Learning about red kites on a girlie weekend
Five best girlfriends, an introduction to red kites and a boutique hotel in the bucolic Chilterns. What more could you want for a good old weekend away?!
We arrived in our gladrags to a puzzled reception. “Are you the walking group?” enquired the hotel manager, sounding sceptical. “Hmm – well, we’ve booked a short-break package that has all kinds of added extras thrown in, from dinner to walking maps. We’ll take full advantage of the former now, and think about what to do about the latter… later,” we replied, heading for the bar.
Actually, we did get out and about the next day, walking up and down the undulating hills of the Aston Rowant Nature Reserve, just a stone’s throw from our hotel. That was The Lambert Arms, booked with our client, Great Little Breaks. And we saw pairs of beautiful red kites dancing in the big skies. Red kites are scavenging birds, which is partly why they can be found flying around motorways and main roads where there is a good choice of roadkill. During the 15th century, they lived near cities and fed on waste thrown out on the streets; but as sanitation and hygiene standards improved, feeding opportunities diminished and they flew to the countryside in search of food, only to be persecuted by farmers protective of their poultry and livestock.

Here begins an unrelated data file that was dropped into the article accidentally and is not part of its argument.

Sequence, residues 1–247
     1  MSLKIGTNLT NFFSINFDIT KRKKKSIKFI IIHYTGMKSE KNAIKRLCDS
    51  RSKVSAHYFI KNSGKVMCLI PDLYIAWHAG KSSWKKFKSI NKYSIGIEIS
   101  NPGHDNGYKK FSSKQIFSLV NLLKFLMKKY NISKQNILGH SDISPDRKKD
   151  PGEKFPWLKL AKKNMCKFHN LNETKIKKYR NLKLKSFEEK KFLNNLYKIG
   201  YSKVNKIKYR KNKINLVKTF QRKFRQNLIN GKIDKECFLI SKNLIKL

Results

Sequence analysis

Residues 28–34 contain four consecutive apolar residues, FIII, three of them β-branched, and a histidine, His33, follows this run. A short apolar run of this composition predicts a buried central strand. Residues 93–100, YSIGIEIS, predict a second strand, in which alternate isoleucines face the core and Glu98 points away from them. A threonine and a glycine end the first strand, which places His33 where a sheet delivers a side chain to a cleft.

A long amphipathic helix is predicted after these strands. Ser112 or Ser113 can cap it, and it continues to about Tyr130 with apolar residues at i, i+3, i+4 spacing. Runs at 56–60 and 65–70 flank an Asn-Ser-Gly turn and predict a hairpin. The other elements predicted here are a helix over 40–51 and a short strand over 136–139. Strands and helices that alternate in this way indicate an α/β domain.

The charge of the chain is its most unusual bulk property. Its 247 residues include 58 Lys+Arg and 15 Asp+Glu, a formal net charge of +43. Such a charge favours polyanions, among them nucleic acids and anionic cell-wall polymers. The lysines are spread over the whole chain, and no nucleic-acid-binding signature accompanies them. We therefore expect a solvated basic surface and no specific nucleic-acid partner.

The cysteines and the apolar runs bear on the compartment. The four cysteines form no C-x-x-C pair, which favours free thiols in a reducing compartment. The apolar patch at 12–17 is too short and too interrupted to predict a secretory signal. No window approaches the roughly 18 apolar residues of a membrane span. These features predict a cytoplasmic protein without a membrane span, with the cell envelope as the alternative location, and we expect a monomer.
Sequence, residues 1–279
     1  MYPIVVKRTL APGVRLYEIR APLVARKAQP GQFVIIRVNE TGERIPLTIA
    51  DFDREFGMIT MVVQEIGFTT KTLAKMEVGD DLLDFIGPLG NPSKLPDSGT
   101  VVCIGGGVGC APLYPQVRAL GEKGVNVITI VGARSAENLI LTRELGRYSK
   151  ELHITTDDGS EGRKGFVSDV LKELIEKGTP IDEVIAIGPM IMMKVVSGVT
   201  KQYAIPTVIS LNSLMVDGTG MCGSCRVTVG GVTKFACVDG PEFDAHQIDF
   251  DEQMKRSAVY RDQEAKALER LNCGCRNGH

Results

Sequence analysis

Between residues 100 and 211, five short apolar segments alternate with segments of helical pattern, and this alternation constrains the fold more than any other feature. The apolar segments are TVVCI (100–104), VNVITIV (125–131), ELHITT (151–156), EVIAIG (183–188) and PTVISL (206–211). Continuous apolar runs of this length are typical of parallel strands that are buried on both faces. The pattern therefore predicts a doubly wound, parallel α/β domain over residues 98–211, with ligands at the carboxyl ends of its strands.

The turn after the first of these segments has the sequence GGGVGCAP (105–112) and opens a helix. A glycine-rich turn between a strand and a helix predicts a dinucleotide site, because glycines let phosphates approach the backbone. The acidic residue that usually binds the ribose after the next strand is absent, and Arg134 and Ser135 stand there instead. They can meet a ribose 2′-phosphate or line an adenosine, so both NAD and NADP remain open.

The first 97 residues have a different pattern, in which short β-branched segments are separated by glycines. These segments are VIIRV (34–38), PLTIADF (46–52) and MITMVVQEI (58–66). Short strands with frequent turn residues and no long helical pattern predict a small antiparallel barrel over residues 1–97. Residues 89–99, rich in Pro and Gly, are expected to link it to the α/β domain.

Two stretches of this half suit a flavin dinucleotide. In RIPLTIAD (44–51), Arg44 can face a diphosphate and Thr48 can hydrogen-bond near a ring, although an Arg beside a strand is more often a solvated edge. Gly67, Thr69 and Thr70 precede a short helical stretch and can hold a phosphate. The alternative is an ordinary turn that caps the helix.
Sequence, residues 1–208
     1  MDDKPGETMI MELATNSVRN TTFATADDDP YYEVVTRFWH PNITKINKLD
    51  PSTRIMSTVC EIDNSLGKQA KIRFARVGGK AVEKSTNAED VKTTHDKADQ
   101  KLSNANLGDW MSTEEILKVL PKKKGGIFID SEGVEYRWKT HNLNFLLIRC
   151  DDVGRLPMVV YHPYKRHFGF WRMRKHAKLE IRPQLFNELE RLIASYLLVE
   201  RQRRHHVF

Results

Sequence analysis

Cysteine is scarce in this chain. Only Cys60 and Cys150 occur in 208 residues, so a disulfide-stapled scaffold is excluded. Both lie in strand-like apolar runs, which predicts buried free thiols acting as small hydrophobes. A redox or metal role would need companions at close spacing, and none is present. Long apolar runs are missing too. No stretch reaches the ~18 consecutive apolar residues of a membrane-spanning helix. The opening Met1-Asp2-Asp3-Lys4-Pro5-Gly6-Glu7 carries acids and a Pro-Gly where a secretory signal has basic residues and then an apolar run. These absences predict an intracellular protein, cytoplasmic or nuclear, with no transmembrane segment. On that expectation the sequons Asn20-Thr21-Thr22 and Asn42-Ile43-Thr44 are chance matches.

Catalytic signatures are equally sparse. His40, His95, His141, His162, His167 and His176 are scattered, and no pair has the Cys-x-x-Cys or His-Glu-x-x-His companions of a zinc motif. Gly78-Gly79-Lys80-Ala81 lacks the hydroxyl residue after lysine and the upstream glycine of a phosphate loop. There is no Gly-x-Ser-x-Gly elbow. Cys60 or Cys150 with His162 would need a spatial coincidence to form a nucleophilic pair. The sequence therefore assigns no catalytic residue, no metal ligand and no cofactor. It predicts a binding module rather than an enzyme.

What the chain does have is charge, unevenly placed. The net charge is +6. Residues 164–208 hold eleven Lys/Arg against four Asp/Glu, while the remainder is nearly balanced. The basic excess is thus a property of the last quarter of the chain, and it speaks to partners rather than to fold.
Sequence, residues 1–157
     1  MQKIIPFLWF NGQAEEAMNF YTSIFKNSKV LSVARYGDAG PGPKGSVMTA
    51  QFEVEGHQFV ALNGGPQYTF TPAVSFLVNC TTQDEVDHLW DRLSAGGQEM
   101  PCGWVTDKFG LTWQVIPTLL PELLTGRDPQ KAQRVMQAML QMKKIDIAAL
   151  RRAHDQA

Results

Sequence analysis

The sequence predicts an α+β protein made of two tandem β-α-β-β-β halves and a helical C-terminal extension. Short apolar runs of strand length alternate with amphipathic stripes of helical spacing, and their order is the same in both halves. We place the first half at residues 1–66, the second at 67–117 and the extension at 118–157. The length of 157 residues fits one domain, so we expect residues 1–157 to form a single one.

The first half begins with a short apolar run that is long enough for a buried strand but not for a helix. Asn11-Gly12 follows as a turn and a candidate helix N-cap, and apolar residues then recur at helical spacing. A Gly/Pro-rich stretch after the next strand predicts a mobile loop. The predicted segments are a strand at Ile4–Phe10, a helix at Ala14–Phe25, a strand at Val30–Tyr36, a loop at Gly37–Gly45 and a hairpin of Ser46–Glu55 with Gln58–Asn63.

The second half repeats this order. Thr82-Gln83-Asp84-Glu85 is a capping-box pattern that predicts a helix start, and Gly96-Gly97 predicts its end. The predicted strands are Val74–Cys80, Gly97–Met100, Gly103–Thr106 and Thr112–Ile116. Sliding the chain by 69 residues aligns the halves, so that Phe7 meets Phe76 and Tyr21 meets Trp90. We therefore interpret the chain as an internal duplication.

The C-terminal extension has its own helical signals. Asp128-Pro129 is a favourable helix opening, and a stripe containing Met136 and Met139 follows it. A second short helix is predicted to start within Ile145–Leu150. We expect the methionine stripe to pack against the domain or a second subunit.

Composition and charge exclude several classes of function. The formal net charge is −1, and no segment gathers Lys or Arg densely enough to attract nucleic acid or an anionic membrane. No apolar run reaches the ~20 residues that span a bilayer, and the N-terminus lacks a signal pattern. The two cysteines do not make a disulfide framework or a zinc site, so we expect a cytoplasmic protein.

By 1863, only one pair of red kites existed in England. But the RSPB has been involved in conservation work and nest-protection initiatives for the species since the early 1900s. And between 1989 and 1994, red kites from Spain were imported and released into the Chilterns; they started breeding in 1992 and now an estimated population of 600 pairs are active in the area. Red kites can now also be seen in other parts of the country, including Wales, Scotland and Yorkshire, and there are plans to introduce chicks to yet more parts of the country.
It’s a heart-warming conservation success story.
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